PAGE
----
Denied the comfort of a Bible or a clergyman, Hale stood facing the gallows. Instead of cringing, he spoke those last words that revealed the full measure of his elevation to his country.
In death, Xathan Hale sen-ed as an inspiring example to other Revolutionary fighting men struggling to safeguard
our country's new freedom. Ever since that tragic day in 1776, his name has symbolized the selfless devotion that American fighting men of all generations have felt for our country.
From their final resting places, other heroic fighting men speak also-to you, the men who have fallen heir to their task of defending our Nation. They speak in the words of the poet:
Take tiP our quarrel with the foe"
To you from failing hands we throw The torch,' be yours to hold it high. If ye break faith with us who die
We shall not sleep, though pOPIJies grow In Flanders fields.'"
'John McCrae, "In Flanders Fields."
9 wilT neuer surren6er ~ mg ownJl-ee wi(r. f1[i~ comman~, 0wi.ll ~e\Jer surren6er m.!J men UJhi(e 1he~1 still have themeans 10 resist.
Chapter 13
I wUl never s/l1"1'c}ulcr ot my own tree will. It in command, I will never slll"rendel' my men while they still have the means to l'esist.
-Article II, The U,S, Fighting Man's Code.
he tradition of "never surrender" \yas born during the Revolutionary ·War. On land and at sea, U.S. fighting men proved their mettle.
On 23 September 1779, John raul Jones, Captain of the Bonhomme Richm'd, challenged two British ships of war, the Sel"apis and the Oountess ot Scal'bol"Oit[lh. Old and slow, the Richard was outclassed. The Serapis was beating in one of the Richard's sides while blowing out 'the other. The Richard caught fire again and again. Meanwhile, the waters in her hold were rising alarmingly.
"Do you ask for quarter?" called the calltain of the
"I have not yet begun to fight," Jones hurled back. The outcome is well known. After three and a half hours of fighting, the Serapis struck her flag. Then Jones and his crew boarded the Serapis and watched with mixed emotions as the Richard sank. The spirit of John Paul Jones has inspired America's fighting men ever since. On many occasions, the will to resist, no matter how unfavorable the odds, has served other fighting men as well as it did Jones. In modern war, combat units or individual combatants may frequently find themselves isolated from the main body of friendly forces. Without communications, the situation may appear hopeless. Even with radio or other communications, the isolated unit or individual cannot be completely aware of what goes on outside the immediate area. However, there are innumerable instances in which iso­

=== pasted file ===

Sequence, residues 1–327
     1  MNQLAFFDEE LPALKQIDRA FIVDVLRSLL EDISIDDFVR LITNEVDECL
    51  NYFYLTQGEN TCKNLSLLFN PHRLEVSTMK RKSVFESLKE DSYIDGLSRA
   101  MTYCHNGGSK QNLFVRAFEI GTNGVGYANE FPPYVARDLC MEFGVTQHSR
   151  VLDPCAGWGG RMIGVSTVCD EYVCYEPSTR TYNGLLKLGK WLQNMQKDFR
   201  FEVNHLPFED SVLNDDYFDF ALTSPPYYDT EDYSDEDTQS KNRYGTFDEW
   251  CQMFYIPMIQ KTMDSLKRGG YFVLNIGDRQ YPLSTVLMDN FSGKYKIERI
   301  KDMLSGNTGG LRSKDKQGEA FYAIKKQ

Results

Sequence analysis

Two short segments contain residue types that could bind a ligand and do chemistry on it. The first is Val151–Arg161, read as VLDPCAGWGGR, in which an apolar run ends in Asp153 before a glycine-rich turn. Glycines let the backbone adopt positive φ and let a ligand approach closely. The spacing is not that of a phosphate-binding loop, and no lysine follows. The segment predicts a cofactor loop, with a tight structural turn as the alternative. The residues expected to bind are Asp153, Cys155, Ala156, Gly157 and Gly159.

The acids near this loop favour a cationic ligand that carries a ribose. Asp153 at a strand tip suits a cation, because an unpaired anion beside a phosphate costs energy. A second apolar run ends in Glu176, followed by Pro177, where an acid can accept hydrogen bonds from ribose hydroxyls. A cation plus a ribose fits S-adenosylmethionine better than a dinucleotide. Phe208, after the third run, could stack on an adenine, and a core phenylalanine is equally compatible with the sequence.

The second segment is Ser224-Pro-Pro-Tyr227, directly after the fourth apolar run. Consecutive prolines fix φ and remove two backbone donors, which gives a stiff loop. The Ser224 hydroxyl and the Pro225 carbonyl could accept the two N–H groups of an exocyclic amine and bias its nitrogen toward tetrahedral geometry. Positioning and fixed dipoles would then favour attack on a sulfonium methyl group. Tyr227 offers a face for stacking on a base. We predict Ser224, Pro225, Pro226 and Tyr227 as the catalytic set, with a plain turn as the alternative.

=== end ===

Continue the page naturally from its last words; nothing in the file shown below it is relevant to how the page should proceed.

lalpd units haye fought tll('ir way out 01' llaye held fast until joinpd by olher friendly forcps.
Somplimps onr men haye foughl Iheir way out; at otller UlllPS t1H'y ll<lye slipped through pnemy lines. Airmpn shot down dePll in pnemy tpl'l'itory han' walk('cl 11luHlrecls of miles, liYing off natural foods from the land and ayoiding eapture, in order to reaeh fl'ipn(1Jy tpl'l'itory. Soldiers, sa ilors, airmen, or ma rines-they were fulfilling their mis­sions and their obligations.
Recognizing tll(' flifTerent eireumstanees-tlle confusion, Ullcprtainty, apIll'P)lPnsion, and other pressures on the man who finds himself isolated in cOlllbat--the simple guirlelinc suggPSls itself-Iltc ji!lltlil/!/ II/llJl lI/u81 I/fTer surrcl/dcr of It is 0/1'1/ frec/cill.
It should not be neeessary to define the meaning of "his own free will," as some h11ye asked. If 11 man giyes up, he \\'ill lmow full \\"C'll wllNllcr his surrender was willful. No
amount of rationalizing will rid him of the stigma of failure to himself if his surrender was voluntary, born of wellk­ness. His sense of failure and the realization of his lack of will are with him for the rest of his life.
As long as a fighting man can inflict casualties on the enemy, he is selling himself short if he does not. For the casualties he infEcts, however few, or the disruption he effects in the enemy's attack may be the determining factor in repelling the enemy and in llis rejoining friendly forces. In case he is isolated and can no longer inflict casualties, perhaps because he lad;:s ammunition, it becomes his duty to evade capture.
Once in Korea, a machine-gunner found himself isolated. Having used all the available ammunition and worn out two gun barrels in the process, he sat helplessly-or so it seemed-in his foxhole as hordes of attacking Chinese Communist soldiers streamed by. But as the last of the enemy passed his position, his own forces moved in from the flanks and cut off the Chinese.
Suppose a man surrenders while he still has the means to fight back or can remain in hiding. 'Vlwt can Ill' expeet to gain? Four out of ten Ameriean prisoners of the Com­munists died in Korea. Untold numbers were coldly exe­cuted shortly after laying down their arms, and these were not induded in the "prisoner" statistics. The odds are in favor of the man who sticks by his guns. And realizing that many of the deaths in a prison eamp result from lack ot will, how much less is the chane'e of sun'inl1 for the fellow whose surrender to the enemy is for that very same reason?